Much of what survives in the archaeological record can be roughly divided into two groups. There are the treasures of the tombs of kings and emperors, both rare and priceless. And there are the rubbish tips and middens with something to tell us of ordinary life, all those years ago.
Rare indeed is a find which combines the two, but the Dacian Bronze Matrix is just such an artifact: a press tool for constructing jewelry, which is both exquisite in its craftsmanship and filled with information about the ancient Dacians.
These ancient peoples hid deep within the Sureanu Mountain forests in south western Transylvania some 2,000 years ago. Their capital of Sarmizegetusa Regia, where the matrix was found, sits atop a 3,950 feet (1,200 m) high mountain, an area comparatively easy to defend against Roman incursion.
Discovered as recently as 2013, the matrix is the center of attraction at the Museum of Dacian and the Roman Civilization in the city of Deva in Romania. A storm had uprooted a tree, exposing the matrix and leading to its discovery in near perfect condition.
The designs on the matrix, intended to be pressed into gold to make jewelry, have much to tell us of the unique style of ancient Dacia. And so far, it is the only known matrix ever to be found from these ancient mountain peoples.
A Monument to Artisanship
The Dacians were clearly keen on the depiction of animals, and the matrix itself is hexagonal and covered in such designs, both real and fantastical. The real animal figures range from the domestic, such as goats and dogs, to exotic lions, rhinoceros, leopards, tigers and hippopotamus.
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Many of the animals were depicted as fighting each other, a popular inclusion known from other surrounding civilizations at the time, notably the Romans. Around 17.5 lbs (8 kg) of bronze was used in total to cast the matrix. The bronze must have been very expensive, as all of the sides have been used, including the six 2 inch thick (5 cm) sides.
Out of all the real animal representations on the matrix, the most common ones are of an elephant, hippopotamus, and rhinoceros. This is thought to be because those animals were seen in the amphitheater games of those times.
However, oddly, there are no anthropomorphic or vegetable symbols anywhere on the matrix, and only animals have been discovered. It may be that this matrix was the “animal” set used by the jewelers, and that other lost matrices existed depicting people, or plants.
The Dacian Aristocracy
The Dacian Bronze matrix was created around the 1st Century BC. Somewhat uniquely therefore, we have what is almost a catalogue for animal jewelry worn by the Dacian aristocracy at this time, and the artistic trends preferred by these people.
The differing styles and options available on the matrix offer far more information than simply finding a single piece of completed jewelry. By exploring the designs on the matrix, you can understand the value that the Dacians placed on certain forms and designs, a silent language educating us about their culture.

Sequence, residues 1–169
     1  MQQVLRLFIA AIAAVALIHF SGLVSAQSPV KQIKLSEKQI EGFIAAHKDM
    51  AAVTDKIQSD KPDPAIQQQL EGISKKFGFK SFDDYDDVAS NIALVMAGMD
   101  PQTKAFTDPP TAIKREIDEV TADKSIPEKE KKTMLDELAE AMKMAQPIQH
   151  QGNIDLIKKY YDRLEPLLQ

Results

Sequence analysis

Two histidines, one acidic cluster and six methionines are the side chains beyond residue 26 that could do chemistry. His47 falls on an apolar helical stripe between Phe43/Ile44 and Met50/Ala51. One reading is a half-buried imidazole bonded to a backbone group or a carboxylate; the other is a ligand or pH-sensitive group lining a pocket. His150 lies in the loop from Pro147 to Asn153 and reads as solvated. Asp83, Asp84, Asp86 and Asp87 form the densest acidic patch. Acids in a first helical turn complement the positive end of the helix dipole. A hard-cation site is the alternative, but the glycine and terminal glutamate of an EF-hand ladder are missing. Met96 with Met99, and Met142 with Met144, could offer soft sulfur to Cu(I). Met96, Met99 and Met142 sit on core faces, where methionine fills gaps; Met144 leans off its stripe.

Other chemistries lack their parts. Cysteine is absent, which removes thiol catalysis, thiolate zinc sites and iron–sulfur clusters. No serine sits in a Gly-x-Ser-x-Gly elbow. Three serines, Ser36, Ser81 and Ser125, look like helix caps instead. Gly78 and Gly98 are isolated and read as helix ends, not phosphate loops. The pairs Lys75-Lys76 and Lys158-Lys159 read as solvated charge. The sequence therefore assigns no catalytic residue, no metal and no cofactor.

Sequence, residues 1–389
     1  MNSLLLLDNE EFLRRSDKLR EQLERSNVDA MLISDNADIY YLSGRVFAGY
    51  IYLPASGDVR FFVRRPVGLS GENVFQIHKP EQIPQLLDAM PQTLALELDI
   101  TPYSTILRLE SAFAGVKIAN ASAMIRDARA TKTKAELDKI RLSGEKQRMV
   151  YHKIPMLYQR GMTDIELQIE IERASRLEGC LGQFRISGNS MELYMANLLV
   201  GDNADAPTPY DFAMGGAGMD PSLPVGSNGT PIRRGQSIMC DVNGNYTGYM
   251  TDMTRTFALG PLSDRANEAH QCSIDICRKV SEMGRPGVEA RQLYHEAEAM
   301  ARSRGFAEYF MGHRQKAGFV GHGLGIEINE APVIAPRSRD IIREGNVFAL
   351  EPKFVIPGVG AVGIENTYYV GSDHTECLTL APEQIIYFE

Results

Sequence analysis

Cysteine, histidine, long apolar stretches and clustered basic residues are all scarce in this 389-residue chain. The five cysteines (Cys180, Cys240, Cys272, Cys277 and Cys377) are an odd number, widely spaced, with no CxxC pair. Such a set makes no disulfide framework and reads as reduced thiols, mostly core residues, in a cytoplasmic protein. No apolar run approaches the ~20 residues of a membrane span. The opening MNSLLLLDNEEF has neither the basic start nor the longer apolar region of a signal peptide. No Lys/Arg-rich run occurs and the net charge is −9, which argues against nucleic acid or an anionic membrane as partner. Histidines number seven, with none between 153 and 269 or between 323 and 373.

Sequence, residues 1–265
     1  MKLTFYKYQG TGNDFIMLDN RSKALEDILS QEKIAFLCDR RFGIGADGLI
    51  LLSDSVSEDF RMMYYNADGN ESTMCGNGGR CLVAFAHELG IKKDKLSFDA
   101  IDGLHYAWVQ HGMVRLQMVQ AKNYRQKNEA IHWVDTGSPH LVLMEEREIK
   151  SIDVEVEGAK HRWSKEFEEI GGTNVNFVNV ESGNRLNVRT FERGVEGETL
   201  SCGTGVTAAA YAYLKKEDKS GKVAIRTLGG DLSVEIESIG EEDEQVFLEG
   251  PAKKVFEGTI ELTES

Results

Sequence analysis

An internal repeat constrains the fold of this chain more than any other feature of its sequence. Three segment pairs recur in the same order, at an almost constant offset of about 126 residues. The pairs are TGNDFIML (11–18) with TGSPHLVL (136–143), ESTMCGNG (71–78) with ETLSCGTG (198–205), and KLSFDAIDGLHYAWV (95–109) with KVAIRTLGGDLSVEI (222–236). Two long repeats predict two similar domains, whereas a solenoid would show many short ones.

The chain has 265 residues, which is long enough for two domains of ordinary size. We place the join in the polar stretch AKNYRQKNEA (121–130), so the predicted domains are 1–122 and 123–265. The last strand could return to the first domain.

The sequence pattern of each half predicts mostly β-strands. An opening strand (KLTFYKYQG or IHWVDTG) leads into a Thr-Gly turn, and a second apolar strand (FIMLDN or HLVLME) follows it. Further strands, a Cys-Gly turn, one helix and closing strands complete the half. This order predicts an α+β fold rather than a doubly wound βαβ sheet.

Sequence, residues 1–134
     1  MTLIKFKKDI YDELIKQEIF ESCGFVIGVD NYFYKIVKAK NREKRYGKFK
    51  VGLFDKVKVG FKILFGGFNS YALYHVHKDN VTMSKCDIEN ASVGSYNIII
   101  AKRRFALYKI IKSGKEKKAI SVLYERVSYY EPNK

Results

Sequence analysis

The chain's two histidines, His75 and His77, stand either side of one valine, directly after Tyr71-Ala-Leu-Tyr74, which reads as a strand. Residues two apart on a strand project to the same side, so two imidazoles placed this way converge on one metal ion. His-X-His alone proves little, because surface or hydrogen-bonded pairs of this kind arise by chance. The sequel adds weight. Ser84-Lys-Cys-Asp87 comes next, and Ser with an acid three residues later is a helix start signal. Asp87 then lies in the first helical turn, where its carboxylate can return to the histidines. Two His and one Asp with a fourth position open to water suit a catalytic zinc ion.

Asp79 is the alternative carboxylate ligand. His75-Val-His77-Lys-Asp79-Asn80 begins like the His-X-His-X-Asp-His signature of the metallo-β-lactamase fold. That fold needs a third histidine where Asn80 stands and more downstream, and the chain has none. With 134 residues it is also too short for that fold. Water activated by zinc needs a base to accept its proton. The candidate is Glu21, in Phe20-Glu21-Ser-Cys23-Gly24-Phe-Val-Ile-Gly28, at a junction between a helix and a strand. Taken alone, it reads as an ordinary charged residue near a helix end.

This understanding of the Dacians should also allow a greater knowledge of the entire Northern Pontic (to the south of the Black Sea in Turkey) and Mediterranean Region. As an example, griffins within the matrix are depicted in different types, with there being a vulture type griffin, wolf type griffin, and lion type griffin.
Griffins traditionally had the body of a lion and the head and wings of an eagle. It appears clear from this that the Dacian jewelers were looking emphasize a certain aspect of this fantastical creature, perhaps to reflect a facet of the wearer’s personality.
A Mystery of Symbology
It is clear that the artistic creators of the matrix wanted to represent the battle between animals, but there may be other clues to the Dacians hidden in these depictions. This is not the first archaeological discovery that was made within their ancient capital of Sarmizegetusa Regia.
Prior to this matrix, a sophisticated calendar was also discovered. The calendar, also around 2,000 years old, was at that point considered the most ancient calendar in the world, older and more precise even than the Mayan calendar.
The Dacian calendar identifies a year as having 365.242197 days, a surprising level of accuracy. The images over the calendar had some resemblances to the matrix, but also told different stories about how the cultures and people were in contact with the ancient Romans.
Research is on-going to understand how the matrix is connected to the depictions on this calendar and to other Dacian finds in the area. Who knows what secrets are hidden, waiting to be revealed by this treasure.
The importance and value of the matrix is so great that it sits in its own room in the Dacian and Roman Civilization Museum of Deva, in Romania. The display is organized in such a manner that these visitors can see all sides and engravings that cover the bronze artifact.
The showcase and the careful use of lighting allow a detailed view of all of the facets. The manager of the museum, Liliana Tolas, has stated that the matrix should be both safe and accessible to visitors.
Top Image: The Dacian Bronze Matrix provides a catalogue of jewelry examples from two millennia ago. Source: Міша Мула / Adobe Stock.
By Bipin Dimri